• Each player owns one of the two L-pieces, and there are two further neutral pieces. The starting position is shown in the diagram.
  • When it is your turn to move you must move your own L to a new position; it may be rotated and/or turned over.
  • As long as at least one new square is covered the move is legal.
  • You may also - if you wish - move either of the two neutral N pieces to a new position. You win if you block your opponent's L so it cannot be moved.

Suitable for all Key Stages, particularly KS2 and above.

MULTIPUZZLE (Spear's Games) is a pocket money puzzle which has been available for many years. Multipuzzle is a collection of hexomino puzzles.

Suitable for KS2 and above.

GO-MOKU Two players, Black and White, take turns to place counters on a square grid. The first to make a line (horizontal, vertical, or diagonal) of five wins. Go-Moku is a traditional game for Japanese children who play on an 18x18 board, but beginners can use an ordinary chessboard.

Most suitable for KS2 and upwards.

CONNECT-4 is a well-known simple version of Go-Moku.

It is suitable for all Key Stages.

HIP is similar to Go-Moku, but the aim is to place four counters not in a line, but at the corners of a square. The sides of the square do not have to be parallel to the edges of the board, and other counters may lie between those making the square, so the game provides excellent practice in recognising squares of different orientations and sizes.

Suitable for upper KS2 and above.

THE POISONED CHOCOLATE BAR One square of a bar of chocolate is poisoned. Players take turns to shade in squares on the bar of chocolate; in your turn you may shade in any number of squares, but you must shade in a complete rectangle (e.g. 3x2, 4x1, 2x2, 1x1). The player who shades in the poisoned square loses the game.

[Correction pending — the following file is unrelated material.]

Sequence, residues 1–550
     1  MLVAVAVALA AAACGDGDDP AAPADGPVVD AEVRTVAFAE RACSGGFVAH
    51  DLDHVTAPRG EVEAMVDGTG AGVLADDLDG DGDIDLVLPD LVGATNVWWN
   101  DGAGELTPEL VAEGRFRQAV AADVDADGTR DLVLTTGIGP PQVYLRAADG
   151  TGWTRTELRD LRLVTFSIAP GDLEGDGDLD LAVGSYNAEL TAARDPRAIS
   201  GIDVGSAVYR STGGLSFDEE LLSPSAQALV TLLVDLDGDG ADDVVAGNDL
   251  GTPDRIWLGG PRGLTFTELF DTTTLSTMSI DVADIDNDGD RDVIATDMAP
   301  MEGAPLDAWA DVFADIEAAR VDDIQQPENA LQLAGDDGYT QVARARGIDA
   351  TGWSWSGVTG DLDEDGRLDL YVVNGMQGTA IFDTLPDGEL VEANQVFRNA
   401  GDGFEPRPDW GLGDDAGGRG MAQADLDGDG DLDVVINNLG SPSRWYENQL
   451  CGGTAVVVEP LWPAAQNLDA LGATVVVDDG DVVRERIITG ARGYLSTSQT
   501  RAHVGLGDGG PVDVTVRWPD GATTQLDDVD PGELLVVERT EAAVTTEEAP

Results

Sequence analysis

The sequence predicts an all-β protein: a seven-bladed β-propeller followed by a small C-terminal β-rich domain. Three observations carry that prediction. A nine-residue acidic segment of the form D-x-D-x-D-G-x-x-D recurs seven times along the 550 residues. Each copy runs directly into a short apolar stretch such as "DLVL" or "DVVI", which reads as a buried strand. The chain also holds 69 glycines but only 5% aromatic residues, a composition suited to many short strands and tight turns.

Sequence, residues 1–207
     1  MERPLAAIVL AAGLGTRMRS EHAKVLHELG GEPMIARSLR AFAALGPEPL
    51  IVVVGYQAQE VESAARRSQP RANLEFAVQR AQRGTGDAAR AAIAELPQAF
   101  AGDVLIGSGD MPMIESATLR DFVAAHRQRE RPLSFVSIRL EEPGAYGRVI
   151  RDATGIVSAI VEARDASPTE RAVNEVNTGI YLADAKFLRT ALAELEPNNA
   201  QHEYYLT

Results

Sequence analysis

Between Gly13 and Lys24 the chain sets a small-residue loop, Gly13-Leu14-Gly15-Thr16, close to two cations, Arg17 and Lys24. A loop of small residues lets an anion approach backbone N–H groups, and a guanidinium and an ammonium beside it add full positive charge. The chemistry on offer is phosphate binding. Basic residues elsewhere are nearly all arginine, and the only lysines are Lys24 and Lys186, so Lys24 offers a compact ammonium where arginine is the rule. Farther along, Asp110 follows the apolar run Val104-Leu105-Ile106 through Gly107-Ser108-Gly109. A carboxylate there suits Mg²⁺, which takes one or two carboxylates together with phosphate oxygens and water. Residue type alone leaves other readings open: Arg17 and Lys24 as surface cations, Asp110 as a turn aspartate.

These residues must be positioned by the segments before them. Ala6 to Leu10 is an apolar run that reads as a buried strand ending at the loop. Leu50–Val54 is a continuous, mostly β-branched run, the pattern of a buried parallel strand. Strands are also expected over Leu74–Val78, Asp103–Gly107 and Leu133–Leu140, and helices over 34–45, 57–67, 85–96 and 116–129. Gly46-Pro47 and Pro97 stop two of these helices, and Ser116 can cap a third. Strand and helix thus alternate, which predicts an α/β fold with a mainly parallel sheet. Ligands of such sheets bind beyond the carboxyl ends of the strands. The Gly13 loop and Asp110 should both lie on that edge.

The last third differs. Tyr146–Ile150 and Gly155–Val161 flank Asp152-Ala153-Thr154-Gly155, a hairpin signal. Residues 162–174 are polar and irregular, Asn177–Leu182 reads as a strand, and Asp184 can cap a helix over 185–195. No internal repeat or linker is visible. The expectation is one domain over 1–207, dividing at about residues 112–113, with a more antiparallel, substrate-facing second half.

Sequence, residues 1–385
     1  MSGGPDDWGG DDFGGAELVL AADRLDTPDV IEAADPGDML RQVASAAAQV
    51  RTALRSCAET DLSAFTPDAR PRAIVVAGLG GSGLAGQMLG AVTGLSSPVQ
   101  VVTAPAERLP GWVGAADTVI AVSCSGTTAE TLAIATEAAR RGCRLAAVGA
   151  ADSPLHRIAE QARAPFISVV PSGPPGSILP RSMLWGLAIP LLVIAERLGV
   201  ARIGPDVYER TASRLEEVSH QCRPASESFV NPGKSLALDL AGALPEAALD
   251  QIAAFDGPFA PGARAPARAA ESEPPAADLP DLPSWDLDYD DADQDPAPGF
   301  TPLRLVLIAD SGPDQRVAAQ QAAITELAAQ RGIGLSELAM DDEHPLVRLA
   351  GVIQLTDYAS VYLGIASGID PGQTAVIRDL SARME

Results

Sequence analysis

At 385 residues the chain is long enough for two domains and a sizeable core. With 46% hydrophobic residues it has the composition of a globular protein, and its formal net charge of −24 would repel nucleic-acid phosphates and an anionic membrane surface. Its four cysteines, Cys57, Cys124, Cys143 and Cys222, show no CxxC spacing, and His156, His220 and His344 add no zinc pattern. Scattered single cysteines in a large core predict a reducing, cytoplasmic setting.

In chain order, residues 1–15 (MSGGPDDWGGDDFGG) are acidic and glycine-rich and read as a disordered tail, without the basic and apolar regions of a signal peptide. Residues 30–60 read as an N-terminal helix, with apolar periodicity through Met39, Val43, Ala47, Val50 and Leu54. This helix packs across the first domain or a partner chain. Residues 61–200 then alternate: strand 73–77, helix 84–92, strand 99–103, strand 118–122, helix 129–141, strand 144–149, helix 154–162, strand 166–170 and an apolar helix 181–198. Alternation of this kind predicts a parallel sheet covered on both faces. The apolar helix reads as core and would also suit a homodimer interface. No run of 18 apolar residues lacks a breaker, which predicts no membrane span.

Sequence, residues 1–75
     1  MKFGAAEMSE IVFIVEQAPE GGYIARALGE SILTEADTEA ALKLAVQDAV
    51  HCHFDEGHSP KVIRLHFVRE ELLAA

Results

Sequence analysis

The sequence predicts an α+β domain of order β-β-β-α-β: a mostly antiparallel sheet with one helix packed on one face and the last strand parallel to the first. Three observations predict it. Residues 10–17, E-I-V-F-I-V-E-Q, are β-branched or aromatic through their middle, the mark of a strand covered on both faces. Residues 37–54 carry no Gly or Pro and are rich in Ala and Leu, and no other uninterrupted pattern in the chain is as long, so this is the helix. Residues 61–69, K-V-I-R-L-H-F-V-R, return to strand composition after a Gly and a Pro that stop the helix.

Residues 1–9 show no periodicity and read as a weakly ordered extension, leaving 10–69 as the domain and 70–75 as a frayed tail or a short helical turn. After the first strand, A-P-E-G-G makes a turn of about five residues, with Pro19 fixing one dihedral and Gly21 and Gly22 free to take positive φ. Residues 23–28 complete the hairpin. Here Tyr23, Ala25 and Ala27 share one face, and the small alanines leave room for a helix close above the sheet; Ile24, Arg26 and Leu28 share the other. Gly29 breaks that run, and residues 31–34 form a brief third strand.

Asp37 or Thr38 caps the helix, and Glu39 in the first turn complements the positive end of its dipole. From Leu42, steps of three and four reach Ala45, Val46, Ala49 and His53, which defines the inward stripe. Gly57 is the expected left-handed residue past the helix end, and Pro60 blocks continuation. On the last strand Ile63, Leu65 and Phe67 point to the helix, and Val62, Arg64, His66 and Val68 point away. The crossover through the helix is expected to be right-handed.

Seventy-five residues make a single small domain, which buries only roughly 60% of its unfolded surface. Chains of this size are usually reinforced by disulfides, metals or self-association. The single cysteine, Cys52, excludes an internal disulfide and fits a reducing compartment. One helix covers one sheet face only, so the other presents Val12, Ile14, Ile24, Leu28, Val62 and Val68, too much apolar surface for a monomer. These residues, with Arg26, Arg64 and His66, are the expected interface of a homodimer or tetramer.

The board may be of any size and the poisoned square may be in any position. The game not only requires strategic thinking, but also is as good a way as any of reminding children that the set of rectangles includes squares as well as oblongs.

Suitable for all Key Stages.

SIM is a pencil and paper game. Six points are marked out in a hexagon. The first player chooses any two of the points and joins them with a red line. The second player joins any two points with a blue line. Players continue until one player forms a triangle of their own colour; this player loses.

In this game, Blue (dotted lines) has lost by completing the triangle CDF.

Suitable for all Key Stages

GO is one of the world's great strategy games. The rules are much simpler than chess, but Go is at least as deep. Players place counters on a square grid with the aim of surrounding territory. Go is the classic game of Japan; it originated as Wei-ch'i in China more than 3000 years ago.

The British Go Association produces materials for schools and offers speakers to introduce the game to pupils. Contact Simon Goss (01344-777963) for information.

TILING GENERATORS and MATs (Mathematical Activity Tiles) are rich resources for designing puzzles and games and for performing other investigations. They are made from similar material to beermats; 3-D as well as 2-dimensional shapes can be made. Details may be obtained from the Association of Teachers of Mathematics, 7 Shaftesbury Street, Derby, DE23 8YB (phone 01332-346599; fax 01332-204357)

Suitable for all Key Stages.

Do please feel free to contact me with enquiries about these or other games:

Alan Parr
6 Longfield Gardens
HP23 4DN

Tel: 01442-824173
Fax: 070-920-24173